Cheerful delivery boy Tian Kuo (Eddie Peng) delivers lunchboxes to a local hearing-impaired swimming team.
He holds a torch for hearing-impaired cutie Yang Yang (Ivy Chen), who's often at the pool to cheer on her older sister Xiao Peng (Michelle Chen).
Yang Yang wholeheartedly supports Xiao Peng's dream of competing in the Deaflympics, even if it means working multiple jobs and giving all her time to her sister.
Yang Yang slowly falls for Tian Kuo's goofy charms, but the burgeoning romance opens a rift in the sisters' relationship.
While the Beijing 2008 Olympics were rife with controversy, the 2009 Deaflympics in Taipei earned high marks all the way around. The Taipei games also helped inspire a ridiculously cute teen rom-com that deals respectfully and forthrightly with the hearing impaired. A huge hit in Taiwan, Cheng Fen-fen’s Hear Me has a good heart and an earnest cast that should translate well when it screens next weekend during the San Francisco Film Society’s Taiwan Film Days at the Viz Theater.
Tian-kuo is a gooney delivery boy working for his family’s restaurant, who somehow picked up considerable fluency in sign language. It comes in handy when he tries to put the moves on Yang-yang, the sister of Xiao Peng, a Deaflypian swimmer in training. Though Yang-yang is the younger sibling, she is her sister’s sole financial support, willingly juggling multiple jobs to support her dreams of a gold medal.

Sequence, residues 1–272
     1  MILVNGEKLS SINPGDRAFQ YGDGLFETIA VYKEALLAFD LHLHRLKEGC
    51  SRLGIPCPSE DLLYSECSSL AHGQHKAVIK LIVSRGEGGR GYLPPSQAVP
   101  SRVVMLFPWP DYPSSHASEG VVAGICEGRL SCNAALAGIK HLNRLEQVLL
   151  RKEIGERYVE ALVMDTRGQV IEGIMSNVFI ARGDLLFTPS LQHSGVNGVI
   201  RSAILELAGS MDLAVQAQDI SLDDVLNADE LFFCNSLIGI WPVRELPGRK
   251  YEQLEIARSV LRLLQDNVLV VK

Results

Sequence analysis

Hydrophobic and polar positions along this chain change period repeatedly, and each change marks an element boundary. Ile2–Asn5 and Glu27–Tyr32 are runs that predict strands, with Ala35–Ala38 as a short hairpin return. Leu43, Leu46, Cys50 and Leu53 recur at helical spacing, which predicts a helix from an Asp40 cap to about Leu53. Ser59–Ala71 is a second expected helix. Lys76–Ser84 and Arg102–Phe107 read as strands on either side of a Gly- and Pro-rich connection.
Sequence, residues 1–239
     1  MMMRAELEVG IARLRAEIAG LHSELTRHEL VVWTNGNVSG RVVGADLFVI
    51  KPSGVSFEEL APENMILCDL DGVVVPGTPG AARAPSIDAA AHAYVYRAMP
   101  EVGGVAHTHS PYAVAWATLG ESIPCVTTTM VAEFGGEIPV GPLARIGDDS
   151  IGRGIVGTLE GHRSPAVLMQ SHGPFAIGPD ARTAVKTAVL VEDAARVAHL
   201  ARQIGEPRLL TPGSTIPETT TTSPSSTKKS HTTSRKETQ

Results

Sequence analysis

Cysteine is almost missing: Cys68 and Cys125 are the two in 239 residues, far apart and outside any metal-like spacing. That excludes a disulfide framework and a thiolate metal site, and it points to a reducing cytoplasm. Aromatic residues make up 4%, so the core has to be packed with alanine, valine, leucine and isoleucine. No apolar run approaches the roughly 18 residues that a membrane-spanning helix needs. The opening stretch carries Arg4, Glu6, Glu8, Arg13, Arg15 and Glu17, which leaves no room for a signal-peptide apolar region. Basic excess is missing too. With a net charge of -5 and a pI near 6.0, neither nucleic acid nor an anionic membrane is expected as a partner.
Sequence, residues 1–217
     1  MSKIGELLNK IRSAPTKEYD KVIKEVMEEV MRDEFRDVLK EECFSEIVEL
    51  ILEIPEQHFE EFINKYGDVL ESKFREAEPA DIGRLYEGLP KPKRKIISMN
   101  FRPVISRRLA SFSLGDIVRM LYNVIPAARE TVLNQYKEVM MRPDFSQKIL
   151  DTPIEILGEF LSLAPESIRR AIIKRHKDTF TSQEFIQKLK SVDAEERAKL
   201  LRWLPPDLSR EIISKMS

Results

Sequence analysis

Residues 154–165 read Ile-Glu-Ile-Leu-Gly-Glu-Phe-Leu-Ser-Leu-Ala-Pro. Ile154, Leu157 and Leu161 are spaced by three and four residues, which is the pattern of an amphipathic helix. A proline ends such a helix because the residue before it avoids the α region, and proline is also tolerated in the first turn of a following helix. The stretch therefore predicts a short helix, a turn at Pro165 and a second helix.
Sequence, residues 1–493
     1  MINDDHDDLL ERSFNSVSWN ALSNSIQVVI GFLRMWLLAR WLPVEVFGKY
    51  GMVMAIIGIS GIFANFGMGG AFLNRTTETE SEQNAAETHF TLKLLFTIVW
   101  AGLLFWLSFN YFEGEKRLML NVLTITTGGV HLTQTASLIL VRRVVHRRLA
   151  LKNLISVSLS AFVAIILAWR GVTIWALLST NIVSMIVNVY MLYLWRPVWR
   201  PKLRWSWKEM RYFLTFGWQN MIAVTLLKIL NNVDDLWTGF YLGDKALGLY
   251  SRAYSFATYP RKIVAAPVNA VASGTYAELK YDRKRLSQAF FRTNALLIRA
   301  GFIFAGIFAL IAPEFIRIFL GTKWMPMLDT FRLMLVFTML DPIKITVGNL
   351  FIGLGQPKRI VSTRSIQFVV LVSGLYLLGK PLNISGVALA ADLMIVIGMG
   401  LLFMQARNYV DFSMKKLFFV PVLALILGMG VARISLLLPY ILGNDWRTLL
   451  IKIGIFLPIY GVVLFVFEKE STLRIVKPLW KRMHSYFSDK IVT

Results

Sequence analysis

By contrast, Tian-kuo only has one job, which he does rather poorly, but of course his nagging yet big-hearted mother and “aw-shucks” father are not about to fire him. Being an idiot (but a well meaning one) he inadvertently offends Yang-yang. Deeply heartsick, he desperately tries to make amends, but Yang-yang is more concerned with her other family tribulations.
A sweetly luminous screen presence, Ivy Chen displays a dynamic spirit and considerable dramatic range as Yang-yang. For his part, Eddie Peng makes a likable enough goober as Tian-kuo. Their chemistry together is pleasingly credible, even though she ought to be well out of his league. Adding further heft, Michelle Chen’s spot-on supporting turn as Xiao Peng is believably nuanced and ultimately quite moving.
Granted, Hear hardly breaks any new rom-com ground, but its execution is surprisingly strong. In fact, it pulls off a potentially gimmicky ending largely through the strength of its engaging cast. For cineastes, Hear might be a guilty pleasure, but for most movie patrons, it should be an entertaining crowd pleaser. It is really impossible not to have some affection for the film. It screens next Saturday (10/23) as part of the SFFS’s Taiwan Film Days.